MVP Pipeline Foes Say Congress Can't 'Mandate Victory' for the Project

(Reuters) — A provision of the U.S. debt ceiling bill that streamlined the federal approval process for the $6.6 billion Mountain Valley Pipeline and limited court reviews of challenges to the project violates the U.S. Constitution’s separation of powers doctrine, opponents of the pipeline have claimed.

The Wilderness Society, the Sierra Club and other conservation groups fighting the 303-mile pipeline urged the 4th U.S. Circuit Court of Appeals on Monday, in two separate cases, to declare the mandate unconstitutional and keep their challenges alive.

The environmental groups' lawsuits are seeking to invalidate key federal permits that are needed to finish construction of the pipeline, including on a stretch of land running through a federal forest in Virginia.

They said the separation of powers doctrine allows Congress to write the law, but not to directly determine the outcome of court cases.

“Congress cannot pick winners and losers in pending litigation by compelling findings or results,” the Wilderness Society wrote in its filing.

Pipeline developer Equitrans Midstream Corp. said Tuesday it doesn’t comment on pending litigation.

The U.S. Forest Service declined to comment Tuesday and the U.S. Fish and Wildlife Service didn’t respond to a request for comment. Those agencies issued the challenged federal approvals for the project.

The U.S. government had asked the court to dismiss the cases on June 14 arguing that the bill stripped the court of jurisdiction to hear the lawsuits.

The developers on Monday announced the project has received all necessary federal permits, and asked the U.S. Federal Energy Regulatory Commission for final approval to restart construction.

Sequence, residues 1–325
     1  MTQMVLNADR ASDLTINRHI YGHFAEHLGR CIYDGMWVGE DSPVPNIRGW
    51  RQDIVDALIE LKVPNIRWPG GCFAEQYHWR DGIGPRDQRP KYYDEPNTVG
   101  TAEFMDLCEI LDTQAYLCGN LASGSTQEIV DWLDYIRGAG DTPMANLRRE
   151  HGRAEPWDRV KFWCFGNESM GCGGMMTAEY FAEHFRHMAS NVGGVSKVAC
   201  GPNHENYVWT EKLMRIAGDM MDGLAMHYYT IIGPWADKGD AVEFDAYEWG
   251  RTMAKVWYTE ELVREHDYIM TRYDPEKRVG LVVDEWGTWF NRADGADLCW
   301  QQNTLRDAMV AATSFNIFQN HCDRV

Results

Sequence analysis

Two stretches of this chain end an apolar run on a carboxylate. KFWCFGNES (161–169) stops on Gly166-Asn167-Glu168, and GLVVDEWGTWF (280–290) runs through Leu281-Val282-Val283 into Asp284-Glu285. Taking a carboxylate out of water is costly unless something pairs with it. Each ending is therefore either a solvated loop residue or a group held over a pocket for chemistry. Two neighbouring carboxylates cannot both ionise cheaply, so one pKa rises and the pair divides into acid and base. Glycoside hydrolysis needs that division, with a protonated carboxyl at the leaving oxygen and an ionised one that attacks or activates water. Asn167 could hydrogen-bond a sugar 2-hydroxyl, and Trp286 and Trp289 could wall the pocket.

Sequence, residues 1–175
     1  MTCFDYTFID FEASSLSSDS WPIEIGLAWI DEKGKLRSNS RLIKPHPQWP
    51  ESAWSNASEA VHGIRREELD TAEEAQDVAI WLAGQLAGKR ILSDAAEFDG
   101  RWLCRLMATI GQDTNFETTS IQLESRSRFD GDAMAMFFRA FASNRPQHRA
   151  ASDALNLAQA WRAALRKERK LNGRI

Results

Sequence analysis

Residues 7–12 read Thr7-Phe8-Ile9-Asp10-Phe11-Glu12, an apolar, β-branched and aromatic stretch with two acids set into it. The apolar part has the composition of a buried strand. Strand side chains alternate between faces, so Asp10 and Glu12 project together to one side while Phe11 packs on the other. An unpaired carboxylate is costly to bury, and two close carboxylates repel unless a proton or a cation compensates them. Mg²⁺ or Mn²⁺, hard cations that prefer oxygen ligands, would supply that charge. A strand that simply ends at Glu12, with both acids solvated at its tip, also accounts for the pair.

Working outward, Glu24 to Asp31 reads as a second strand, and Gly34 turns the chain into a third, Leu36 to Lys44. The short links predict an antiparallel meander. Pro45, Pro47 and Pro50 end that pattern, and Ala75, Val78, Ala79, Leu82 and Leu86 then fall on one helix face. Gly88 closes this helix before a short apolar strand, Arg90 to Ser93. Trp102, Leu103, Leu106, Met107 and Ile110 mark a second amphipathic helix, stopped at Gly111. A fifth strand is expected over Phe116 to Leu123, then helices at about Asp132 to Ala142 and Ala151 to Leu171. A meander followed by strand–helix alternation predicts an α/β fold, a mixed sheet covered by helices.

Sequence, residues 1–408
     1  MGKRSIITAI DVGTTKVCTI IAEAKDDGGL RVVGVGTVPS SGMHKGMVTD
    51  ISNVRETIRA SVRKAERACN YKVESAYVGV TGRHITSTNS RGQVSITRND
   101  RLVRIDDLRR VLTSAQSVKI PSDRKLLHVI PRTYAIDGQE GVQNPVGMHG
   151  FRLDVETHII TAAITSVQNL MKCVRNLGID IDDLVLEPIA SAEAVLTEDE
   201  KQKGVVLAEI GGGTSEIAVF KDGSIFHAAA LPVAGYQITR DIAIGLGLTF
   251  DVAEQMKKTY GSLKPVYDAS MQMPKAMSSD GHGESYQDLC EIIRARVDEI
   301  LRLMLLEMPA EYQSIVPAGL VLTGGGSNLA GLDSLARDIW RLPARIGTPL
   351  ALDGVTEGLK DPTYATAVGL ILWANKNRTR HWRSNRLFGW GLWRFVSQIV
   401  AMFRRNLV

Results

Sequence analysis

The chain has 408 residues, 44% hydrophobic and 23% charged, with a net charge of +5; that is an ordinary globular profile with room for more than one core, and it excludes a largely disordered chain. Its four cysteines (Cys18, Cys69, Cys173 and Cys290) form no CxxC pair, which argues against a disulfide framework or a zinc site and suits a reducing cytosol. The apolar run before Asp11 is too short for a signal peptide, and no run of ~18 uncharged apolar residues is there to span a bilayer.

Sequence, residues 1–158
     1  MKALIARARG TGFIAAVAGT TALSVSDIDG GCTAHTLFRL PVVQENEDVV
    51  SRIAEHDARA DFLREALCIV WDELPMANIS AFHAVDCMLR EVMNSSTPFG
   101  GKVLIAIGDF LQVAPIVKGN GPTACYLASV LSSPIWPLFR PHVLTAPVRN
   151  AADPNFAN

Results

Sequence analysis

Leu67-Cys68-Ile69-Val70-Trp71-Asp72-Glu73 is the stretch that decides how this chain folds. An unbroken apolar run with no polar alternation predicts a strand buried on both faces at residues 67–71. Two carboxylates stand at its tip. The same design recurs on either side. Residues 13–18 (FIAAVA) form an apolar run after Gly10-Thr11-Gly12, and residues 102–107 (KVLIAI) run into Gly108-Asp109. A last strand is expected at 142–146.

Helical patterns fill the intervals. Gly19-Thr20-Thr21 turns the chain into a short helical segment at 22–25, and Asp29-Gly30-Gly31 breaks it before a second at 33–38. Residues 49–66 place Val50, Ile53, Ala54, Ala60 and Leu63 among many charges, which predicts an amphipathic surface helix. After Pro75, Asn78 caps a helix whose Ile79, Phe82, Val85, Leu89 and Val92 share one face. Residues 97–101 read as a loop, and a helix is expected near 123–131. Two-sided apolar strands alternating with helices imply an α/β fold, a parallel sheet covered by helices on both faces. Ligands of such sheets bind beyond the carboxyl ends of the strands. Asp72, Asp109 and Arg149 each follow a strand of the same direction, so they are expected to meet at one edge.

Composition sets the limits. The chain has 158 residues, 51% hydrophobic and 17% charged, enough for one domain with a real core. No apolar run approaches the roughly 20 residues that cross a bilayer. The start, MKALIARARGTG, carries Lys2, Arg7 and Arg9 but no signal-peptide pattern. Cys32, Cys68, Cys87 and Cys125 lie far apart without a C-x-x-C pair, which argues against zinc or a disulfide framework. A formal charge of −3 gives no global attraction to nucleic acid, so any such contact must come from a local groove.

If completed, the pipeline would transport natural gas across West Virginia and Virginia. Mountain Valley Pipeline LLC — a joint project between Equitrans, NextEra Energy Inc., Consolidated Edison Inc., AltaGas Ltd and RGC Resources Inc. — has said the pipeline is over 94% complete.

The 4th Circuit, where most of the litigation challenging the project has occurred, has previously vacated several of the project's federal and state permits – some more than once — over concerns about the pipeline's environmental impacts.

The current lawsuits target the Forest Service’s approval of a right-of-way that would allow the pipeline to pass through the Jefferson National Forest, and a Fish and Wildlife Service approval that determined the construction wouldn’t likely jeopardize endangered animals.

The challengers have claimed the approvals inadequately considered the environmental impacts of the pipeline to wildlife and the lands it would cross.

Congress included a rider in this month’s debt ceiling bill mandating that federal agencies issue approvals for the pipeline, and restricting judicial review of would-be and existing challenges.

The cases are Appalachian Voices et al. v. United States Department of the Interior and the Wilderness Society v. U.S. Forest Service, in the 4th U.S. Circuit Court of Appeals, case Nos. 23-1384 and 23-1592.

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